SacredG
09-01-2009, 06:39 PM
It would be nice. But every single game on steam(besides mods) are over a gigabyte big. It's OBVIOUS.

DarCowAlways
09-01-2009, 08:42 PM
Even if I have zero limits on my download size I still like this feature.

Yes, it would be very neat just to see how big it comes out to for the total download, and get a good idea how long it will take.

DarCowAlways
09-01-2009, 08:43 PM
It would be nice. But every single game on steam(besides mods) are over a gigabyte big. It's OBVIOUS.

I'm sure there are plenty of old old old games re-released on steam under 1GB, but valid point, 3GB won't cut it for modern games downloaded over the internets... looks like you'll have to buy them as hard copies in the store.

If I were you, 3GB cap wouldn't cut it, I'd move :eek:

amnesiasoft
09-01-2009, 09:45 PM
Do I need to smack some people? Can we at least get terminology right. Data Transfer Cap. Not Bandwidth Limit. Bandwidth is the rate at which you can transfer data. Transfer is the actual amount of data you sent.

In South Africa, we have to pay through the nose for 1Mbps Internet, which actually only ever runs at 0.3Mpbs
Those number leave me under the impression you don't understand that bandwidth is generally measured as bits rather than bytes. I could be wrong, but I'm pretty sure you're getting exactly what you're paying for.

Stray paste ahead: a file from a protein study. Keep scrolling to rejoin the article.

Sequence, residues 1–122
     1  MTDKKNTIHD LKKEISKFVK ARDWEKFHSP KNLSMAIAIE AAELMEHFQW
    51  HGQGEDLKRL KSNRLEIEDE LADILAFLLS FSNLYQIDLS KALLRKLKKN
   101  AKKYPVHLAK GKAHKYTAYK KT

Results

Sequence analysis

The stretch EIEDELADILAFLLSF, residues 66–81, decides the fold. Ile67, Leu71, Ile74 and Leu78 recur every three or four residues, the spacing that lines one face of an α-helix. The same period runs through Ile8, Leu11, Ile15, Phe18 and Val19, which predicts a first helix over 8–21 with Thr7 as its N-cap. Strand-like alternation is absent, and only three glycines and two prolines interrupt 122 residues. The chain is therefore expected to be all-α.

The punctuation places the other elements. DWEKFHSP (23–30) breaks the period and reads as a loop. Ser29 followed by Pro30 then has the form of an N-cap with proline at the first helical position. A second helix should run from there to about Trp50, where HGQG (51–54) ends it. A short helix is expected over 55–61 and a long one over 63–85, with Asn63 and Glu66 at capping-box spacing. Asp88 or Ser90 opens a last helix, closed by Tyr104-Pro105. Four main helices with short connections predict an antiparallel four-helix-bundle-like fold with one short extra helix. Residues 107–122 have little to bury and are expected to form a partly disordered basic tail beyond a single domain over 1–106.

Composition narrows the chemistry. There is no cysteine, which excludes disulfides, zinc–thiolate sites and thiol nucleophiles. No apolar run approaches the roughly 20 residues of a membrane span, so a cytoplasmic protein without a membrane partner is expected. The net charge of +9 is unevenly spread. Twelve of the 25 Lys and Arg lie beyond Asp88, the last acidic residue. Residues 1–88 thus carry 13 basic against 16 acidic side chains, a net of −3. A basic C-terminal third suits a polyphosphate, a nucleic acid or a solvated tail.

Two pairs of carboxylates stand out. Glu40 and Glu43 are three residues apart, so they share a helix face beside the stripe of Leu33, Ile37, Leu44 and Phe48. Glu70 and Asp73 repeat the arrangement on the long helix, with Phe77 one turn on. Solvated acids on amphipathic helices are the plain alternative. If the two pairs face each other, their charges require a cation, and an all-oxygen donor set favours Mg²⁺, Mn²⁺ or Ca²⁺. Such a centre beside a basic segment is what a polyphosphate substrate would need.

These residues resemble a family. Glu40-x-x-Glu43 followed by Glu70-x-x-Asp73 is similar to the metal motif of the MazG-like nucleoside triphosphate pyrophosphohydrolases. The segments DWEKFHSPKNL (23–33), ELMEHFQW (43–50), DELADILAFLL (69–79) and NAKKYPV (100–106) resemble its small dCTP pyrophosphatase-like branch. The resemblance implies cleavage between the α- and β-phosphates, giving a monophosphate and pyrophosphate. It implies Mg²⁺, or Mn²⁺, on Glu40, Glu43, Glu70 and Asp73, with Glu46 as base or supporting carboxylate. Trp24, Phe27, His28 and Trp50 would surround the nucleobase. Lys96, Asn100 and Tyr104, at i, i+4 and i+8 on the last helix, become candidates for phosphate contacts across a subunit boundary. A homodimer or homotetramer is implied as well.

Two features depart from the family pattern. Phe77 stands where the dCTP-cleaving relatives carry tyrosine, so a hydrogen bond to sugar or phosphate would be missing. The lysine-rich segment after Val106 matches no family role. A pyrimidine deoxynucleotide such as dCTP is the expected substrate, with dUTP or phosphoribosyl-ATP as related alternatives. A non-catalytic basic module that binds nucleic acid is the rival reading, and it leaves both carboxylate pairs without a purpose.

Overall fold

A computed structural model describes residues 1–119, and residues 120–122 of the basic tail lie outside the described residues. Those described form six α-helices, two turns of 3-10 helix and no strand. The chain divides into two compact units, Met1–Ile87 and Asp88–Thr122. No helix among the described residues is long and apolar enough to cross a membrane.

Anyway, I have nothing of actual value to add to this conversation.

ngwoo
09-01-2009, 09:46 PM
OP, is satellite internet an option? As far as I know, it works pretty much anywhere in the world. It suffers from a very slow upload rate, but I think the data transfer caps are much higher.

zskilz
09-02-2009, 01:23 AM
Do I need to smack some people? Can we at least get terminology right. Data Transfer Cap. Not Bandwidth Limit. Bandwidth is the rate at which you can transfer data. Transfer is the actual amount of data you sent.


Those number leave me under the impression you don't understand that bandwidth is generally measured as bits rather than bytes. I could be wrong, but I'm pretty sure you're getting exactly what you're paying for.

Anyway, I have nothing of actual value to add to this conversation.

Actually, cap is measured in bits or bytes. Transfer is measured in bits PER SECOND or bytes PER SECOND... But then again from your bad grammar and spelling it is clear that you're not very bright.

Mbps = Mega-bits-per-second - the 'per-second' metric should give you the hint that we're talking about transfer rate. Do you understand or should we smack you?

1Mbps = 1024kbps (the small 'b' is for bits... If I meant bytes I would use the standard capital 'B' and divide by 8... Understand?) 1Mbps is considered 'broadband' in SA and most other places in the world, but here you get screwed and you normally only actually get 0.3Mbps (meaning about 300kbps).

For comparison, in New Zealand, you pay about the equivalent of $30 (US dollars) for 20GB of data at a transfer rate of 8Mbps. In SA you're paying the equivalent of $30 (US dollars) for 3GB at a transfer rate of 1Mbps (but actually more like 300kbps). So, yes, I'm "getting what I'm paying for", but you don't seem to understand that it is a RIP OFF where I come from.